What Are Limiting Modifiers? (with Examples)
Limiting ModifiersLimiting modifiers impose restrictions on the words they modify. The most common limiting modifiers are:
Positioning of Limiting ModifiersThe word (or words) a limiting modifier governs is usually immediately to its right in a sentence. In each example below, the limiting modifier is shaded, and the word it governs is in bold.
- Martin knows hardly anybody.
- He hardly knows anybody.
- Only Martin eats pears.
- Martin eats only pears.
Real-Life Examples of Limiting Modifiers
- Space is only an hour's drive away if your car could go straight upwards. (Astronomer Fred Hoyle)
- I'm not afraid to die. I just don't want to be there when it happens. (Filmmaker and actor Woody Allen)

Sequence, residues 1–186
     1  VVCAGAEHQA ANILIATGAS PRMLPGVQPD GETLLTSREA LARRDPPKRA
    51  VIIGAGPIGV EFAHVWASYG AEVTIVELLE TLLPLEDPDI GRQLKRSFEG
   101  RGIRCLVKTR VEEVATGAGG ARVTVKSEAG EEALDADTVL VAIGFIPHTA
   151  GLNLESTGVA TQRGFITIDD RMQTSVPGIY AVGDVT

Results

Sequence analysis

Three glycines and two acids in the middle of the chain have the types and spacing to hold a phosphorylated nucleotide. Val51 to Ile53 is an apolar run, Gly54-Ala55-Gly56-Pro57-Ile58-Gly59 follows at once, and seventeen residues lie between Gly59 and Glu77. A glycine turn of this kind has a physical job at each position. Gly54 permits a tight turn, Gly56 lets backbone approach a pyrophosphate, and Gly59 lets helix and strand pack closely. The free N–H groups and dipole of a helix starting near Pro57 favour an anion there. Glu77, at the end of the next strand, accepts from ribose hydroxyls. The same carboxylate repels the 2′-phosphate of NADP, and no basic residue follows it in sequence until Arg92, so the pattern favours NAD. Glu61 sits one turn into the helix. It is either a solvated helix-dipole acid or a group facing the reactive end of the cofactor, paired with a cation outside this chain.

- Most human beings have an almost infinite capacity for taking things for granted. (writer and philosopher Aldous Huxley)
Why Should I Care about Limiting Modifiers?In speech, you will often get away with misplacing a limiting modifier. However, in formal writing, you should spend a few seconds to think about where to position your limiting modifier. The most common mistakes happen with the word only.
Look at these examples:
- Only Jack eats ice-cream. (Jill does not.)
- Jack only eats ice-cream. (Jack does not throw the ice-cream.)
- Jack eats only ice-cream. (Jack does not eat strawberries.)
- Everyone is born with genius, but most people only keep it a few minutes.
(Edgard Varese, 1883-1965)
(It should be only a few minutes.)
- I don't give a damn for a man that can only spell a word one way.
(Mark Twain, 1835-1910)
(It should be only one way.)